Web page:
Indian gaming and the Tulalip Tribes were very important in my career.  In 1990 I lost my job – I was fired.  Being fired is very painful, much like divorce, I wanted to avoid the pain if possible,  so I decided to try consulting – but had few prospects.  However, a friend of mine, the same one who sent the link to article today,  introduced me to the Tulalip Tribes – the tribes operated a small bingo hall and wanted to become the first tribe in the state to take advantage of the NIGA.  I worked with the tribe for several years and because of it with other tribes in other states; I could be successful because I had a mentor, Wayne Williams,  who taught me about tribal culture and working in Indian country and much about life in Indian country after the treaties were signed.

Wayne was a very unique person, possibly the finest man I have ever met; I am sure he spoke at the dedication of the cultural center.  I would loved to hear him.  Wayne had an “traditional role” given to him by his grandfather – he was a  “speaker” – his role was/is to articulate the voice of the people – nothing official was ever over until Wayne spoke.  People would wait hours to hear him speak, then they would complain how he “went on and on” – but he spoke for them, and they always waited to Wayne speak.

I am proud of my little part in the tribes progress.  Whatever role any outsider played it was tiny and insignificant, tribal members always and the vision and the drive to work for it.  The vision was always there, stored away in backyard, attics and the hearts of people like Wayne.  Wayne had saved hundred of items, most left to him by his grandmother, for this day – the day when he could bring them out into the sunshine.  Others like Wayne saved other things, including a few who have saved the language.  We, the dominate society,  wanted to integrate the Indian and teach them civilization and culture – make them productive members of our society – but they wanted their own culture – it has taken a very long time, but with the help of a slot machine or two they are closer today to their own vision for themselves than ours for them.  Congratulation to the Tulalip Tribes and to Wayne Williams and thank you for everything you taught me.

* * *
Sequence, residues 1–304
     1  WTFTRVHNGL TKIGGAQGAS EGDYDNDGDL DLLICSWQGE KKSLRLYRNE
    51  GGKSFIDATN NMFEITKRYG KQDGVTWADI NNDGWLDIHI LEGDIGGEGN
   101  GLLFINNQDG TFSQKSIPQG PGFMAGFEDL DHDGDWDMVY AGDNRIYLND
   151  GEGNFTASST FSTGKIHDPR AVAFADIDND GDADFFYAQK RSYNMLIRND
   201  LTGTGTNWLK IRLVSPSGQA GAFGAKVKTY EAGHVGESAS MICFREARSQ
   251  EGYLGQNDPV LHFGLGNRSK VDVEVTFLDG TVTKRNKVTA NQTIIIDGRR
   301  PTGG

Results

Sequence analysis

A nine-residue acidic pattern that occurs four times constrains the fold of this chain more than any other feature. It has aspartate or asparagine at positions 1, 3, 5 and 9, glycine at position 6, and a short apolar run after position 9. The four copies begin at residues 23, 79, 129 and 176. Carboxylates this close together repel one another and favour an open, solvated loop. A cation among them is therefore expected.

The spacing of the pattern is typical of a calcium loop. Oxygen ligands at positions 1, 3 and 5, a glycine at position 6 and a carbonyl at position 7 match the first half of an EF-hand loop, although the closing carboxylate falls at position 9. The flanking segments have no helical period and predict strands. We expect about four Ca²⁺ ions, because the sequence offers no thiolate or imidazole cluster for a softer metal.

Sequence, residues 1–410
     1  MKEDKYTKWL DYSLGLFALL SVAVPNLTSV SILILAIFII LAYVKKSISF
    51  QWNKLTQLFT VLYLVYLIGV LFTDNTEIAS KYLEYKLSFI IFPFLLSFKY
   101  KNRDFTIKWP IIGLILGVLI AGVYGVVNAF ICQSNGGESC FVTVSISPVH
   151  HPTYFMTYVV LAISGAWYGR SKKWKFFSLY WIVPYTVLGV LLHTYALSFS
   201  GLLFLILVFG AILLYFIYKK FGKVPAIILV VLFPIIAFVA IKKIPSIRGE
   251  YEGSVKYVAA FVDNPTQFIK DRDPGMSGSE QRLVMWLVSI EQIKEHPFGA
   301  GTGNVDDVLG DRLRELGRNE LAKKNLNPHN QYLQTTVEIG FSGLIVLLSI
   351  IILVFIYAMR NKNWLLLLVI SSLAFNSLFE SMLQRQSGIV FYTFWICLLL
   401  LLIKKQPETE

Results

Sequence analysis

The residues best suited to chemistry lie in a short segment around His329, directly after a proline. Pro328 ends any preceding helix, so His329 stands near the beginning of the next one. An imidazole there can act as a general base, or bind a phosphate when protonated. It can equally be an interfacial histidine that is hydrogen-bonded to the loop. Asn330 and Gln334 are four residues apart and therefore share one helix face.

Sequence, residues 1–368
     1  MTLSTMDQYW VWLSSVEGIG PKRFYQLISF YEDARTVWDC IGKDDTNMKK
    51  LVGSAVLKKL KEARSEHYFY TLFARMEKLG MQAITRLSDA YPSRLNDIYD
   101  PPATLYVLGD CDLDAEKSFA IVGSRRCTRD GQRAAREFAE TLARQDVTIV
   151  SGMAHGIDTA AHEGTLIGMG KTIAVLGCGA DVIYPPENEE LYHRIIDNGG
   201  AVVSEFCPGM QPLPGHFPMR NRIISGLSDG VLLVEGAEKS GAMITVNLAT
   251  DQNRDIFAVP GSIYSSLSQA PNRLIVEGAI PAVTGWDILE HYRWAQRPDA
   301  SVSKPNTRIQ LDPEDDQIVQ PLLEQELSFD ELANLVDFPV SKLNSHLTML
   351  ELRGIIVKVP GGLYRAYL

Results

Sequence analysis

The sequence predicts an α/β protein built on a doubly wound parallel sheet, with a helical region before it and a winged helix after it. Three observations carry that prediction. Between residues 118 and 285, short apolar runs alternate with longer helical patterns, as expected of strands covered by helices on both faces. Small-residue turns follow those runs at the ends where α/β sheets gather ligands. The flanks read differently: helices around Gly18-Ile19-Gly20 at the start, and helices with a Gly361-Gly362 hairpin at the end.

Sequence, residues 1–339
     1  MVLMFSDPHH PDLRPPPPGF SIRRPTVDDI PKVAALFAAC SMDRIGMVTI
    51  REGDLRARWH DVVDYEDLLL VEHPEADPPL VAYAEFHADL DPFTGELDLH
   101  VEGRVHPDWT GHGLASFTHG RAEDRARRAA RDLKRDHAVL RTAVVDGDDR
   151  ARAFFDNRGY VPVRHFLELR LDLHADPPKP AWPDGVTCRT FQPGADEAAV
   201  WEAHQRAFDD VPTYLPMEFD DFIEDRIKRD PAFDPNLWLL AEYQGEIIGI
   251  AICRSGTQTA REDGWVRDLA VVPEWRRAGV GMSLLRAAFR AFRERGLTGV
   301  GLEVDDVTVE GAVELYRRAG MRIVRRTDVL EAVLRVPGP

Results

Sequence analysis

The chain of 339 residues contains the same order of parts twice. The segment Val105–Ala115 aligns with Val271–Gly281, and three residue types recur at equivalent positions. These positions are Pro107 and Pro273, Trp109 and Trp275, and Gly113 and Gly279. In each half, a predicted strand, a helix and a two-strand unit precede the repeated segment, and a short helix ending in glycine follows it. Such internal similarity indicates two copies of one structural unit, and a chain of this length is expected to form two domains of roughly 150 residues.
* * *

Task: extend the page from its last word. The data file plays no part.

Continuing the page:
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August 2011